A New Stage in the Debate on the Effects of Capital Controls
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Publication date: 2017-12-31
GNPJE 2017;292(6):5-29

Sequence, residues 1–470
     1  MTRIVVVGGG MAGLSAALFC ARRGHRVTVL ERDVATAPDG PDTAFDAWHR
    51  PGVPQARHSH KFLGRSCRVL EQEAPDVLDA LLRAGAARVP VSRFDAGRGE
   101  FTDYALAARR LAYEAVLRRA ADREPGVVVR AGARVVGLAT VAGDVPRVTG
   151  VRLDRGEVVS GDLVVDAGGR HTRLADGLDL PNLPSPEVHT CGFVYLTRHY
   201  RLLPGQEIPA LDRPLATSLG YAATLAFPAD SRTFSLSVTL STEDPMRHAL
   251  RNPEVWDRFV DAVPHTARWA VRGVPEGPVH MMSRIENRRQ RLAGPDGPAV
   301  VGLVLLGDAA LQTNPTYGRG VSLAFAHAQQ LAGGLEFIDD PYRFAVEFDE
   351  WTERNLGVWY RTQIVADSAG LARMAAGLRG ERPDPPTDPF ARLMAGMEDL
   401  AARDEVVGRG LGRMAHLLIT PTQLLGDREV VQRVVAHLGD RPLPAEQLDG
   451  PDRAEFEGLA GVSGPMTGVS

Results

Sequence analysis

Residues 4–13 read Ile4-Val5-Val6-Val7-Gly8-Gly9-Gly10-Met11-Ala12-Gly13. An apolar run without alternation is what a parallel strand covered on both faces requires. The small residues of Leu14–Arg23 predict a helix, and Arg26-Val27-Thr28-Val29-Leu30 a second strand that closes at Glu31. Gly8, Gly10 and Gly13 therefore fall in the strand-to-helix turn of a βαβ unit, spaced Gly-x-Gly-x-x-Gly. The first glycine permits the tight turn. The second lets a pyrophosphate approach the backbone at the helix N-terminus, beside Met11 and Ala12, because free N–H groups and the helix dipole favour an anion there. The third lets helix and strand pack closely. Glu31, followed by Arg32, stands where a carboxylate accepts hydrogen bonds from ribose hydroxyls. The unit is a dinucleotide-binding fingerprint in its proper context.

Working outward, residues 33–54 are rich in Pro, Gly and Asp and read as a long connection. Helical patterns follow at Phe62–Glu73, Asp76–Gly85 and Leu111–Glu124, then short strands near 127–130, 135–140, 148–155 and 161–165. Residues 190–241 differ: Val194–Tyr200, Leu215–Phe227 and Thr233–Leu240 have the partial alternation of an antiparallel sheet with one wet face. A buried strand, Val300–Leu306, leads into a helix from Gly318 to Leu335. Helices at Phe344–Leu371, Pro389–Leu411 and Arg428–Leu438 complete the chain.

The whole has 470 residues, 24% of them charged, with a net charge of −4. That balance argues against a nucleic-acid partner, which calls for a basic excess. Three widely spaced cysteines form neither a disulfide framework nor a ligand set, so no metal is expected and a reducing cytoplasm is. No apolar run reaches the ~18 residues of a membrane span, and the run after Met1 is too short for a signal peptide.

Arguments for and against capital controls have long attracted attention not only of economists but also of politicians, being part of a broader debate about the optimal scope of the state in economic processes. It is understandable that this controversy has become even more difficult to settle at a time of financial and economic crisis that first adversely affected developed economies countries and later spread to other groups of countries. The aim of this article is to show whether and to what extent a frequent policy recommendation for emerging market economies to adopt specific capital control measures is well grounded in theoretical research. Two largely complementary lines of recent research are surveyed. On the one hand, the survey covers those theoretical contributions that depart from the monetary policy “trilemma” approach and try to incorporate some new aspects that affect the costs and benefits of capital controls. On the other hand, the article discusses those new theoretical advances that focus on the efficiency of capital controls relative to alternative policy tools. The survey emphasizes those lines of theoretical research that help better understand the changing role of middle-income countries in the world economy. One can draw a general conclusion that, in spite of considerable progress in research, a broad theoretical framework is still missing that could make it possible to assess the macroeconomic consequences of capital control policies and offer clear criteria of their success. From the middle-income countries’ perspective, a recent research effort aimed at shedding new light on linkages between capital controls, structural change and economic reform seems to be particularly promising.
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